There are topics we all avoid talking about. Not that we all avoid the same topics, but we all have topics we avoid. The topic of Bill Cosby is one I have been avoiding for a good while now. And, maybe, I wouldn't feel like I have to avoid it if I hadn't mentioned him on my "Of significance..." page, but he's there, and what we know about him now doesn't change the impact he had on me when I was younger. It does make me feel squiggly about having him listed there, though, but it seems worse to me to try to pretend that he did not impact my childhood at all.
I was introduced to Bill Cosby by my cousin, Sam, when I was probably around seven. Okay, that's not exactly true; actually, I was introduced to Cosby through Fat Albert and the Cosby Kids,
But, when I was seven or so, my cousin shared with me his collection of vinyl Cosby records. We would sit in his room and listen to them for hours and laugh and laugh and laugh. My cousin had memorized all of the Noah skits and would spontaneously break into the routines anywhere he thought it was going to get him some attention and some laughs. Incidentally, it was while listening to those records that the Fat Albert thing clicked into place, and the stand up routines on the records were so much better than the cartoon. I never really watched it again after that.
The big moment was when I was in middle school and Bill Cosby: Himself aired on HBO. It was a Saturday morning the first time I saw it, I was the only one up, and, actually, I have no idea why I was watching that instead of cartoons. I got up early on Saturdays for the sole purpose of watching cartoons, but, for whatever reason, that morning I did not; I watched Himself.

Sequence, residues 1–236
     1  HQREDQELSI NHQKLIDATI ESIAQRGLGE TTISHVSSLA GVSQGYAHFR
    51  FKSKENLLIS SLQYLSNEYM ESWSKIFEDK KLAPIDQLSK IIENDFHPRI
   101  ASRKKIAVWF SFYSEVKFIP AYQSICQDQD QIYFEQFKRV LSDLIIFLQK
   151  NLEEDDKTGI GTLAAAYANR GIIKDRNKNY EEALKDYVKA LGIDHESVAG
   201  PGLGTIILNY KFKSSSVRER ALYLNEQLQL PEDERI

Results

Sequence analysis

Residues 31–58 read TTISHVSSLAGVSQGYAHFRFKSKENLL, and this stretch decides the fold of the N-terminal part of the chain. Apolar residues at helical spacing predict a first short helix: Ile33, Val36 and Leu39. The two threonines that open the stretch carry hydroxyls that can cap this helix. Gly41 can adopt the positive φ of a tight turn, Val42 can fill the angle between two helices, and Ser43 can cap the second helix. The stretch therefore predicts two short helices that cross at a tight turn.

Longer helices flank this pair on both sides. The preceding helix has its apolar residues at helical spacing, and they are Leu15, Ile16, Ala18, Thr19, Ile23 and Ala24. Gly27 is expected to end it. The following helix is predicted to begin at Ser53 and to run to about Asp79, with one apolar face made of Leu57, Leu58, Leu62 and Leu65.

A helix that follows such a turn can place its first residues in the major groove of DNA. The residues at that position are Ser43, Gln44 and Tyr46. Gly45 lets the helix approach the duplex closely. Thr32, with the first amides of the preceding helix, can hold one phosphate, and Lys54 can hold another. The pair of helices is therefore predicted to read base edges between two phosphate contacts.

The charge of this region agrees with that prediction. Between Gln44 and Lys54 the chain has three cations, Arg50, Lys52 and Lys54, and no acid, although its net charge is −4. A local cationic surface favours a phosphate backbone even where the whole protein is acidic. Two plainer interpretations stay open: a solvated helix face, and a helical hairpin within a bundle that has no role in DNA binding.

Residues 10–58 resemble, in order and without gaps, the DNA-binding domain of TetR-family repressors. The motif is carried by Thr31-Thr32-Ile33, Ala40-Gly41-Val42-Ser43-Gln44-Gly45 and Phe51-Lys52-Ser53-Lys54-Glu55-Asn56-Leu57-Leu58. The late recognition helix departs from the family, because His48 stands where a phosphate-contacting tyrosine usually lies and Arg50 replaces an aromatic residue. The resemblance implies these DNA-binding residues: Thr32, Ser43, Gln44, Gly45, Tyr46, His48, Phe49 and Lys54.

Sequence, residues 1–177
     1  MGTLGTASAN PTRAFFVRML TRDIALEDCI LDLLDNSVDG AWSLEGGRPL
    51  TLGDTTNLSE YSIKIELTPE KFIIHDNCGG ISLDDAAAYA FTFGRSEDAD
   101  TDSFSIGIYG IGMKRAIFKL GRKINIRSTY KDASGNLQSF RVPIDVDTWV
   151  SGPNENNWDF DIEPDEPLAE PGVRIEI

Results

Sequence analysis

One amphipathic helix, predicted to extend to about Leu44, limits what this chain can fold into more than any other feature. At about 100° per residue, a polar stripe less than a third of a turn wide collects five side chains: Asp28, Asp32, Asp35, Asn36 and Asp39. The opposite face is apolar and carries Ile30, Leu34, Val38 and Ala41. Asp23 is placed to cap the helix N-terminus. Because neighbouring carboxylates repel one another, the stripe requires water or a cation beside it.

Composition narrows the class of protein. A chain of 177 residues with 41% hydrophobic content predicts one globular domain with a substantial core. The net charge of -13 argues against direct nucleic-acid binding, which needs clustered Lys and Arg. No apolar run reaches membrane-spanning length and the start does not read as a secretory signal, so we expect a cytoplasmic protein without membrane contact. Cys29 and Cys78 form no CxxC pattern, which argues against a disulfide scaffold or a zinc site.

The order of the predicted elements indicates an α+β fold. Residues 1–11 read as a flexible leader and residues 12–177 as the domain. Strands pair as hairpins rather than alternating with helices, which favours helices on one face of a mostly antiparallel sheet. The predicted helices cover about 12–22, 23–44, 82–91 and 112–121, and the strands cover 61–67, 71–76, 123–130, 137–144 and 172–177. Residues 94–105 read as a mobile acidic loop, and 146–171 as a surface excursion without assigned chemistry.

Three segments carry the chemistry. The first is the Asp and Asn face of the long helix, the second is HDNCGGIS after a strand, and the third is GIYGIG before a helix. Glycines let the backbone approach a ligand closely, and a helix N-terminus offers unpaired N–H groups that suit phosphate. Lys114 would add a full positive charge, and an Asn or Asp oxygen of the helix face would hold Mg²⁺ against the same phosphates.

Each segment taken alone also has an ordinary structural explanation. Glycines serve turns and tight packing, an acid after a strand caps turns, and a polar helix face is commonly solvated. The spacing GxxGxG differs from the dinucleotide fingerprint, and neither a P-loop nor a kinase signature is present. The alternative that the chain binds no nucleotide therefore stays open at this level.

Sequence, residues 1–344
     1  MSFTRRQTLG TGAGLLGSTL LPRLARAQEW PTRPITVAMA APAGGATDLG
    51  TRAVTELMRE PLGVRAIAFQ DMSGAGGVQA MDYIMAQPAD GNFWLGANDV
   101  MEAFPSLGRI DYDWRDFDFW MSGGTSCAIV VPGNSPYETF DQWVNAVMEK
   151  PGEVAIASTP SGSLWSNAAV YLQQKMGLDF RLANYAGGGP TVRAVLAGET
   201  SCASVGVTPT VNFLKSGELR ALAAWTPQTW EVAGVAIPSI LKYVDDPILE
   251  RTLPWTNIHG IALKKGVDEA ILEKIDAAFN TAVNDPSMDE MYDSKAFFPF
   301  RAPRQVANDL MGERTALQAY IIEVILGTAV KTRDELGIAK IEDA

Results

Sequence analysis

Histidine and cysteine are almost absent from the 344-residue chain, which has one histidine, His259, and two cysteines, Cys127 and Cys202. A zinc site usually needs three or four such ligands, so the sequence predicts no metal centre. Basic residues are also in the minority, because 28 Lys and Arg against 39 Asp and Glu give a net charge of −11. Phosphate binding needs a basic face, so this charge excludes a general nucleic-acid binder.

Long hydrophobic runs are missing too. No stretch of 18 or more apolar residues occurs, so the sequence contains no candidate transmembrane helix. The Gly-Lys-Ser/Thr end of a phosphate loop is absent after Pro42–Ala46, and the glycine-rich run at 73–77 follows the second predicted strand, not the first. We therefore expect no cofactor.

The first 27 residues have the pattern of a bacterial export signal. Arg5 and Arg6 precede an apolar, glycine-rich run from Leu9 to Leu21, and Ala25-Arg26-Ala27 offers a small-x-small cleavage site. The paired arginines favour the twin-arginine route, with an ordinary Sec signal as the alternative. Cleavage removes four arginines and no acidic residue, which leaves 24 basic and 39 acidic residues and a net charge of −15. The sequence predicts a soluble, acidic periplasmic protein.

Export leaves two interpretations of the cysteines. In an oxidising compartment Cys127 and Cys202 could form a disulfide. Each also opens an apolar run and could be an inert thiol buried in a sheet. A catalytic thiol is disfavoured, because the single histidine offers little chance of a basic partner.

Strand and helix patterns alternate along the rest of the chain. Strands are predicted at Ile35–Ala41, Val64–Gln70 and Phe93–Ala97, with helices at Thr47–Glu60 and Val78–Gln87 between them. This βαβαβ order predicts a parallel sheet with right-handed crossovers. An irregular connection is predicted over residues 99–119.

I laughed so hard at the part about going to the dentist that I woke my parents up and my mother thought I was dying. At least, that's what she said. The show was brilliant. I own it on VHS. Hmm... yeah, I still own it because, as I said, I've been avoiding the topic.
A few years ago, I pulled it out and showed it to my kids for the first time. It was one of those here's-something-I-loved-as-a-kid things, and I want to share it with you. They, of course, loved it. "The beatings will now commence" was heard around the house for weeks, and there are still mentions of the chocolate cake for breakfast.
And, now... Now, I just wish I had never shown it to them at all, which makes me sad in ways that I can't express.
Fortunately, I never really watched The Cosby Show. I had already quit watching TV by the time it was on the air. Sure, I'd stop and watch a few minutes of it if it happened to be on when I was walking through a room, but it wasn't a thing I did. My high school years were largely devoid of TV. Small mercies, that.
When the rape allegations came out, the best description of what I did was holding my breath, just hoping that they weren't true. It's one of those things where you know the opposite of what you want is going to be the reality, but there's no proof, yet, so you just hope. And hope...